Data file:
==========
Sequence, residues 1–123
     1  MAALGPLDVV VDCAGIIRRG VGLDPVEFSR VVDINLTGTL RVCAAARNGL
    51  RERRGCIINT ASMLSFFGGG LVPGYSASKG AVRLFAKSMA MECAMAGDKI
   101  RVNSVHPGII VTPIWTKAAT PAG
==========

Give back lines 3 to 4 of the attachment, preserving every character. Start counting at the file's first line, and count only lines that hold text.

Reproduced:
    51  RERRGCIINT ASMLSFFGGG LVPGYSASKG AVRLFAKSMA MECAMAGDKI
   101  RVNSVHPGII VTPIWTKAAT PAG